Veterinary Team (VMAT-2) Update Sept. 9, Morning

Today the Veterinary Medical Assistance Team 2 (VMAT2) is building a field hospital in Gulfport, Miss., area about 40 minutes away from Keasler Air Base where it is staying.

We've seen very few cases of acute trauma in the Mississippi area. Skin problems are the most common ailment. All surgeries are referred to local clinics to prevent VMAT from taking their local business. VMAT members are doing mostly triage and acting as a clearinghouse. Mostly dogs and cats, a few horses, dead pelicans, and a pot belly pig.

Livestock has been taking care of themselves. There's plenty of grass and water available. Those who get grain aren't getting it now, but are doing well on grass. VMAT teams will be providing dewormers and other preventative measures for livestock and horses.  

We're trying to get vaccinations for dogs and cats; the basics at least will be available very soon.  Many companies are donating medications, supplies, food, etc.

A major job of our folks is distribution of food and supplies and litter to affected persons in this area since all the stores that normally provide that are gone.

Just about every branch of the armed forces is here working together on base and in the effort. Very good teamwork is happening, and our folks report they are learning a lot about running convoys, logistics issues, and administrative issues. Communication with the outside is difficult; we need to look at a possible satellite system thru FEMA.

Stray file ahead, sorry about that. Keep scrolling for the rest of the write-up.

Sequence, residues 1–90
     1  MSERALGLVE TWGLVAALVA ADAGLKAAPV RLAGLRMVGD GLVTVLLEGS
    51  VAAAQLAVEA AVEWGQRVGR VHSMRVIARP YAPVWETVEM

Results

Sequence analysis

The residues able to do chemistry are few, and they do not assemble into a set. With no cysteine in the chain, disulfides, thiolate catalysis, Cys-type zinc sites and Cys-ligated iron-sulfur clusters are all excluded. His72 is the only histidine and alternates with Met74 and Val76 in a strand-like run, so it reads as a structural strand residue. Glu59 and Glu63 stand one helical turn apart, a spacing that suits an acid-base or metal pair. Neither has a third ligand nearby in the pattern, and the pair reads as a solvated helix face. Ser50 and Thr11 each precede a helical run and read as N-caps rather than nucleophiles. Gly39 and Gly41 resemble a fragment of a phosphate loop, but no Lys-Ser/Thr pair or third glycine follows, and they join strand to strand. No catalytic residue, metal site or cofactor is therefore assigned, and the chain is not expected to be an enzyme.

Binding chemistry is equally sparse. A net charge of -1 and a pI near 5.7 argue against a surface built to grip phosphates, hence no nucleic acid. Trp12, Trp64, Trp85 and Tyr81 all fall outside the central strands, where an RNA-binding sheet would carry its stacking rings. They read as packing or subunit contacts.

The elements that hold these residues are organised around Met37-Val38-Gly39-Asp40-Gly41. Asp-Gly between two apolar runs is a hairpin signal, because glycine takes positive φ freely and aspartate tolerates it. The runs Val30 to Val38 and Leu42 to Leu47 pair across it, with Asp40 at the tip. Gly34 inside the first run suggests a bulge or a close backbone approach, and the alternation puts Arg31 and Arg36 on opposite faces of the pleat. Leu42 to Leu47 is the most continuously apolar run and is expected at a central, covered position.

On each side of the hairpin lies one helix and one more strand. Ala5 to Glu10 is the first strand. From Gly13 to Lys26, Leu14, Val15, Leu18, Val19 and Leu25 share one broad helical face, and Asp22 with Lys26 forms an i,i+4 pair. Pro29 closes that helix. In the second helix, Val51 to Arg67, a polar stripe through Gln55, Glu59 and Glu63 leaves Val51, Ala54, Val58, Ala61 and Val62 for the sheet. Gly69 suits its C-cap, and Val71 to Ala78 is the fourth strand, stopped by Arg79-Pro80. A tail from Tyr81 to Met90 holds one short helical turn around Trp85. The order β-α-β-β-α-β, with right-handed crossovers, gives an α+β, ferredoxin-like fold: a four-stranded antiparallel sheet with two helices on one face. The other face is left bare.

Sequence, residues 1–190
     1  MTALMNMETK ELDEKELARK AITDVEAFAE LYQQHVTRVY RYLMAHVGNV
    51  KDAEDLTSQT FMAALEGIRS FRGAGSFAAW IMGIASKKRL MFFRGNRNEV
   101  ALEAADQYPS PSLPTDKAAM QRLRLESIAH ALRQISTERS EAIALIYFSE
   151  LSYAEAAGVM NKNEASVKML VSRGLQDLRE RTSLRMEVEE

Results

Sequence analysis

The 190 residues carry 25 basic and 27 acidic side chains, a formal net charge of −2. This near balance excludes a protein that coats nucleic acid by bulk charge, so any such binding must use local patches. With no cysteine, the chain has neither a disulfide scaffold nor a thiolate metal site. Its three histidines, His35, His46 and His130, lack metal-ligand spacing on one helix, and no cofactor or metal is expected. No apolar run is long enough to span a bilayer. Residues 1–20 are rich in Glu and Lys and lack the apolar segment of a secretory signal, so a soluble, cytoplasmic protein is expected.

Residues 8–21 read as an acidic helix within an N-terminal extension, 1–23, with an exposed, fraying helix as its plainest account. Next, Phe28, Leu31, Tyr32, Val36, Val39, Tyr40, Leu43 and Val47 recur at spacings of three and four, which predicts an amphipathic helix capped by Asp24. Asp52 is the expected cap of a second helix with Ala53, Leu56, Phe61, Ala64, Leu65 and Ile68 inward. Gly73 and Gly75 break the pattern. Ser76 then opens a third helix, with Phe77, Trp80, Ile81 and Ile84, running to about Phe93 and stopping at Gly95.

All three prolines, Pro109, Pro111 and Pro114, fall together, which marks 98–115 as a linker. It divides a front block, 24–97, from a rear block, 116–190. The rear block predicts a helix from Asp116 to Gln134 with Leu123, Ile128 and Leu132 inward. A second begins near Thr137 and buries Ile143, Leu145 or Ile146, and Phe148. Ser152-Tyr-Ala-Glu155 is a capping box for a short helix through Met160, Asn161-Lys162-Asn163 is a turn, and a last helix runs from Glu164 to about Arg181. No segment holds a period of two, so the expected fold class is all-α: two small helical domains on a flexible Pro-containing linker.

National vet teams and VMAT teams have cleared out at least 600 animals, probably 30% are alive and out of shelters and facilities. Currently they are collocated with HSUS. The way the flow of newly discovered animals works is that the Army Reserves teams are finding live animals, giving that information to VMAT (whose scope does not include live rescue), who pass the info to the Humane Society of the United States (HSUS), who pick them up.

Apparently the most interesting game in town is to watch the personalities develop and surface the real persons living there. Two weeks in the field will do that! The real leadership inside each one of us just screaming to get out!

We are very proud of our folks and thrilled to see them working so hard to contribute to the effort. 

About the Author

Kimberly S. Brown

Kimberly S. Brown was the Publisher/Editor of The Horse: Your Guide To Equine Health Care from June 2008 to March 2010, and she served in various positions at Blood-Horse Publications since 1980.

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